**spoiler alert** On a whole, this is my least favourite of the Chronicles because I felt it was the most "preach-y" of the lot. The beginning of the**spoiler alert** On a whole, this is my least favourite of the Chronicles because I felt it was the most "preach-y" of the lot. The beginning of the book is particularly distressing to me, but I found it picks up later and it always held my interest.
I really enjoyed King Tirian and his Unicorn, however, and wished we could have met under different, more adventurous circumstance, instead of such sad ones.
I also loved the character of Jill Pole far better in this story than in the Silver Chair and almost wished she could have been included in some kind of side story of her own, or perhaps with Lucy & Edmund, who are my most favourite characters of the series (and then directly after are Mr. Tumnus & Puddleglum).
The treatment of Susan does seem both unfair and a little odd. The idea of thinking a place you actually KNEW was real was just "a bunch of faries stories and games" just seems ridiculous to me; but I don't know what that means in terms of her "future fate" as it were. It didn't really feel as though it was 'set in stone' as it were and it could be that one day things will turn around for her. ...more
There is a depth to The Last Unicorn that I do not often find outside of classic literature.
It is an impressive feat for a writer at 20 to carry so mThere is a depth to The Last Unicorn that I do not often find outside of classic literature.
It is an impressive feat for a writer at 20 to carry so much depth of age and time and the weight of those things. How our decisions can shape us, sometimes even make us into something entirely different from when we started. Or leaving us the same, but with a little bit more than before. And sometimes leaving us with more questions (or quests) than answers or happy endings.
The idea of a Unicorn, a magical creature who carries the reputation for being Immortal, that has to come to terms with the fact that she may be the last of her kind and all that that would mean is just phenomenal to me. To know or believe that your death wipes out your species, especially a species that brings enchantment to the Universe, what a difficult burden that would be to bear. It is no wonder that the Unicorn leaves the comfort of her home and her solitude in order to find out the truth.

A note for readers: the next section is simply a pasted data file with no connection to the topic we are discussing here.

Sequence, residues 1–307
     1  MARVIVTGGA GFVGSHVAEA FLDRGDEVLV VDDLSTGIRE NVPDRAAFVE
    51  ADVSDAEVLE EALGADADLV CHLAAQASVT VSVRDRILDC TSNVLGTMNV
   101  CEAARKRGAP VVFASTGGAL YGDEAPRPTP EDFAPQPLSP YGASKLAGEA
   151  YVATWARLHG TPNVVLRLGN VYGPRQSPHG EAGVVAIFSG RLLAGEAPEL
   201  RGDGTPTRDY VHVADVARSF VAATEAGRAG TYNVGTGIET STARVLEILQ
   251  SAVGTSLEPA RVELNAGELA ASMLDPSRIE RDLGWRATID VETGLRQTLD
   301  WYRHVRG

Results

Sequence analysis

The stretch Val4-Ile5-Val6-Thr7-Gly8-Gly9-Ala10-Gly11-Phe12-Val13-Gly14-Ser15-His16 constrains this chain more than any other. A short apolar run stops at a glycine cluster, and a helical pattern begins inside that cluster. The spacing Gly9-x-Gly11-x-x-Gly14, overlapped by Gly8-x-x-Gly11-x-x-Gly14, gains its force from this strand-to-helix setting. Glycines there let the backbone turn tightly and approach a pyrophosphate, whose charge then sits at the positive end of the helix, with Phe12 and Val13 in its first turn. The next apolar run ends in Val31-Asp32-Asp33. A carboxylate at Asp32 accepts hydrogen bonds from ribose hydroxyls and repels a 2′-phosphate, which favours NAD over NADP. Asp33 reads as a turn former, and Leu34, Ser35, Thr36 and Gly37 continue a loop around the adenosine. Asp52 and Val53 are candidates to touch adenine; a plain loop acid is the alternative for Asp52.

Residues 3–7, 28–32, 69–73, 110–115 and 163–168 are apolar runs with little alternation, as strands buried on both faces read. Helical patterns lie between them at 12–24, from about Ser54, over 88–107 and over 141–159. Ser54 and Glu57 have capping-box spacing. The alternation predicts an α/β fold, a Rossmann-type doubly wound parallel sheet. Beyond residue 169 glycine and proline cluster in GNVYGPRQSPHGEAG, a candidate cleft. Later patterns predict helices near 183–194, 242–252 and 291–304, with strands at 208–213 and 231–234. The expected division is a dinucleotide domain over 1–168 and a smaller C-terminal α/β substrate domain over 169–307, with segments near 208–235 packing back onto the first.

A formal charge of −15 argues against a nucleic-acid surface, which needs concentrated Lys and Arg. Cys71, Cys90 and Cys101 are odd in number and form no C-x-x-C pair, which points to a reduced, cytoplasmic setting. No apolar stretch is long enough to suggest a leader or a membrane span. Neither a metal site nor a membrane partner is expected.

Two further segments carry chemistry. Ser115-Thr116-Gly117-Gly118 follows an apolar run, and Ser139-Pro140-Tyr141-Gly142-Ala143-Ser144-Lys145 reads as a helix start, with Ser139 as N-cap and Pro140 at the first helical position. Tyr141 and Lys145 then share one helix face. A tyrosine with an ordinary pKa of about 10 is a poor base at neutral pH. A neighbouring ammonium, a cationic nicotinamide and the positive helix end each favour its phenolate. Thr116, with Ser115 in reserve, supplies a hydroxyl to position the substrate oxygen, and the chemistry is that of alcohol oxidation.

I was very young when I first read it and it shaped me completely. I remember reading the part with Ellie (who is understandably not in the animated version) and being incredibly moved by 'her'. My whole soul changed in that moment, if such a thing can happen. Perhaps it did not change, but just found itself closer to home. Anyway, it really shook me at the time and still does today. Only now I think about the heaviness that the Unicorn must feeling through the narrative. Knowing she is the last of her kind; leaving her desire for solitude in order to find out.
It sometimes feels like a study on the experience of those facing their own mortality or extinction and the limits of their existence (Schmendrick and his magic, Lir and his heroism and his love, Haggard and his joy, Molly Grue and her innocence, Capt. Cully and his mythos and adventures, Ellie and her age). The novel is fraught with examples of this theme again and again. Almost every character we meet comes to some kind of conclusion regarding their own dreams and limits and yet Mr. Beagle does so with such grace; undolorously propelling his characters through a journey of discovery and adventure without necessarily dooming them (obviously not in all cases). While the dream may not be what one originally desired or expected, it is still plausible to achieve it at least in part. I don't know whether I feel this is melancholy or uplifting (it probably depends on the day), but it is overall, I believe, realistic.
It feels such an epic undertaking and yet so very simple at the same time. Reading it was a honour in and of itself, but to have read it at such an impressionable and formative age (6), can only be described as a gift. It really is such a pleasure to know that magic exists in the world and we call it "Books"....more